Go To Your Wilderness

wilderness Dec 05, 2019

In the wilderness of ourselves... 

We are stripped of all the usual distraction, hiding, and excuse-making. It is here that the compulsive over-achiever in us trembles at being left as an ordinary human being, stripped of all of the ways she longs to prove her worth. 

When we search below patterns of pushing, striving, and strong-arming our way through life, we may find at the crux of our fear: the drive to prove ourselves as extraordinary. The ego can’t seem to cope with being a simple mortal.


In the wilderness of ourselves…

We find that the pace slows to what the Greeks called “kairos time,” a kind of deep time that is slower and richer. Moving at a pace below all of our crowded hours, kairos time stirs with the primal stretch of a redwood’s roots, it grows with grass arms thrown skyward in worship of the sun. Kairos time is a soul connection time, when we see through the performance of our everyday programs and instead hear the voice of our cunning teacher - this very life.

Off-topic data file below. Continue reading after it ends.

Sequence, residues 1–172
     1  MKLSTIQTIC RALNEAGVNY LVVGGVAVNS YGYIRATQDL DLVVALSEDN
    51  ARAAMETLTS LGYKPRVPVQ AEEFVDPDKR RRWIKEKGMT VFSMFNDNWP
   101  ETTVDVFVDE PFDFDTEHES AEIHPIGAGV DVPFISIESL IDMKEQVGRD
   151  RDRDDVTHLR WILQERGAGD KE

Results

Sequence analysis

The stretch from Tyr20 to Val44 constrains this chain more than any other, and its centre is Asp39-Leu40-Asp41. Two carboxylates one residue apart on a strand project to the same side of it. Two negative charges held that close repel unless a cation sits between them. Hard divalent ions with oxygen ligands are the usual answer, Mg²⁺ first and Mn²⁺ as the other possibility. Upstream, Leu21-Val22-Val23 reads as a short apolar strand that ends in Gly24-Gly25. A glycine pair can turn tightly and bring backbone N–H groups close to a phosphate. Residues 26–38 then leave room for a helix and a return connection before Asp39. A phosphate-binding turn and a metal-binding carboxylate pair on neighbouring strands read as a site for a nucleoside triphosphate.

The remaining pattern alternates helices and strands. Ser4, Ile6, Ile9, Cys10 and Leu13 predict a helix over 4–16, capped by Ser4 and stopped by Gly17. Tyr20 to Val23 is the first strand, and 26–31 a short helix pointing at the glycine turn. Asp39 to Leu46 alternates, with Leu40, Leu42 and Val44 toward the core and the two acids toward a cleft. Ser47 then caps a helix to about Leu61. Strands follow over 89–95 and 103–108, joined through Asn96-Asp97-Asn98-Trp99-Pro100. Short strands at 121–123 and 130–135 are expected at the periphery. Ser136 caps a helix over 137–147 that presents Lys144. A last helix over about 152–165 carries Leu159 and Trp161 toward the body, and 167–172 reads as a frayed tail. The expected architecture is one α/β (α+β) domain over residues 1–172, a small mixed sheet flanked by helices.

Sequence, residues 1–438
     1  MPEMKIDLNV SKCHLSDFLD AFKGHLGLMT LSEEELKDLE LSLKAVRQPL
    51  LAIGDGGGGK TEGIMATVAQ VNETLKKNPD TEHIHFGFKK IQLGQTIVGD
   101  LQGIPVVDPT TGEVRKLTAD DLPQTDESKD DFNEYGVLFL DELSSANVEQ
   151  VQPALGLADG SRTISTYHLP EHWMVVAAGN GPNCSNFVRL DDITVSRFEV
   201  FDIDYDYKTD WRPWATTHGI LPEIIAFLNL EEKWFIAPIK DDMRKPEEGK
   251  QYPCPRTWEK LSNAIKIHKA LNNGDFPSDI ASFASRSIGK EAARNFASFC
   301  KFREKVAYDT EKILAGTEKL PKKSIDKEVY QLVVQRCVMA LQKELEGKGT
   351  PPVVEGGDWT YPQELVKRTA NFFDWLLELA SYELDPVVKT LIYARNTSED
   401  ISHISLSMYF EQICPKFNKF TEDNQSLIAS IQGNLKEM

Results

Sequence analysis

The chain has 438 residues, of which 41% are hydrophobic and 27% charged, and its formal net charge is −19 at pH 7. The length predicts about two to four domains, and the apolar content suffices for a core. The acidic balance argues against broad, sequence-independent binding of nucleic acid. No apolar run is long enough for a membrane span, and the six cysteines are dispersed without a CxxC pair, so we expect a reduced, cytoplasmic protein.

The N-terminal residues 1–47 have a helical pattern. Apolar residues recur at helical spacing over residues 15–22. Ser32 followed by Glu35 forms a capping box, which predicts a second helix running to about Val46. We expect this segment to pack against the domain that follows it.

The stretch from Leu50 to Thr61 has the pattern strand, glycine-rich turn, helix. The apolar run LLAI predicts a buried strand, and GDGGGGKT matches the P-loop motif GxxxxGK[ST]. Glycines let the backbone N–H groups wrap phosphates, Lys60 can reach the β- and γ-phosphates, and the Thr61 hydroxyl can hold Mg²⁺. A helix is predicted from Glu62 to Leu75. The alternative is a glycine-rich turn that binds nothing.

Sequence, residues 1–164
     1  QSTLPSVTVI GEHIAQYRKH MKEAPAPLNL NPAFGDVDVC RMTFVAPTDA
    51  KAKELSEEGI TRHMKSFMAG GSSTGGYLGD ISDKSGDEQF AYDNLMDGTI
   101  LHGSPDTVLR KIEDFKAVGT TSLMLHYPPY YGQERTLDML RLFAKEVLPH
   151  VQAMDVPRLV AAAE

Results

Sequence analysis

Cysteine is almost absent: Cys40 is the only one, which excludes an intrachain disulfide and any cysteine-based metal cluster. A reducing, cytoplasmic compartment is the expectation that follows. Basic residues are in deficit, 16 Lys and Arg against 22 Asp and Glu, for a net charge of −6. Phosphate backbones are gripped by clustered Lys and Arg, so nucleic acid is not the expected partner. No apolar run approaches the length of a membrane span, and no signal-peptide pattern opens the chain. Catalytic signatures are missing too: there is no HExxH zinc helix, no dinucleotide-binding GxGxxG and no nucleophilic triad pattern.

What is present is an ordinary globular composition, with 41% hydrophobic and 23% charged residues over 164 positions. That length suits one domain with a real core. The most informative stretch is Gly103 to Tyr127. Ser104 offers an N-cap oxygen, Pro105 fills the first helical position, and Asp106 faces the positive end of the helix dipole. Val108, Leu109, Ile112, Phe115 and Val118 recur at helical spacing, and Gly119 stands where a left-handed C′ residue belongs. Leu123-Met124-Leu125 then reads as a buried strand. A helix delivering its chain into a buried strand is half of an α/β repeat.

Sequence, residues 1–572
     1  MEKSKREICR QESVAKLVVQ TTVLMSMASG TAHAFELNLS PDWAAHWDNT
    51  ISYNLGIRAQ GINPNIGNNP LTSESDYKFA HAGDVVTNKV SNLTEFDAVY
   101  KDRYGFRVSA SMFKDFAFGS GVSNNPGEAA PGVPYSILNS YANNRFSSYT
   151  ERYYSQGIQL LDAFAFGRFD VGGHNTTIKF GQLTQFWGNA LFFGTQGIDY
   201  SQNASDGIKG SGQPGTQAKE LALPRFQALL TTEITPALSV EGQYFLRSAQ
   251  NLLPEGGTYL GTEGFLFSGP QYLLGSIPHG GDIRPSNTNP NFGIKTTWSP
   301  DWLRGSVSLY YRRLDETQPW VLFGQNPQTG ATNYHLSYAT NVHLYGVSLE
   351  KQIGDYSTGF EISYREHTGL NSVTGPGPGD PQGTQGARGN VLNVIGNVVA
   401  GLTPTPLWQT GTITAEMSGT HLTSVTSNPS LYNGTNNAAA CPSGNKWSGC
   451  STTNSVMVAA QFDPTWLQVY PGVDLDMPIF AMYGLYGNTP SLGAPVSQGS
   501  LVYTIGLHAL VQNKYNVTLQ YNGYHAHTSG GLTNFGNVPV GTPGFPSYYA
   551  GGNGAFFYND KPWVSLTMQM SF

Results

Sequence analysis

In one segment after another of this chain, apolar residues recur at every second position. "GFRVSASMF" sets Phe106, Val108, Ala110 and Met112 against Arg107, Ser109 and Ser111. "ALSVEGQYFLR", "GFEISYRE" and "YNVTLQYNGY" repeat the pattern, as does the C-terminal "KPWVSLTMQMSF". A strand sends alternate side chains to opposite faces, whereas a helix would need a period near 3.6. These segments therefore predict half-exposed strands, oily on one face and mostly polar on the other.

In the wilderness of ourselves…

It is eerily quiet and painfully intimate, butcher hooks leaving the raw and beating organ of our hearts to burn in the open air. With fierce attention, we find that we can not dissolve or transmute our darkest wounds or most maligning fears WITHOUT having them come up, WITHOUT feeling them fully. 

There is a kind of unshakeable confidence that is learned through our sacred initiations: flat-out failure, cycles of hardship, periods of questioning, feeling lost, hanging out in the dark, or even having a complete loss of trust in ourselves. We must have the courage to allow these hard things to inform us, break us, teach us, and change us for good.  


In the wilderness of ourselves...

We are asked to stand up straight in our suffering. Put our fingers on its skin. Count the beats of its pulse. Feel the way the aliveness of this suffering is just as vital as our joy. This wilderness is patient, still, lean and straight-forward in its truths. 

What does your wilderness tell you?


Photo by Roan Lavery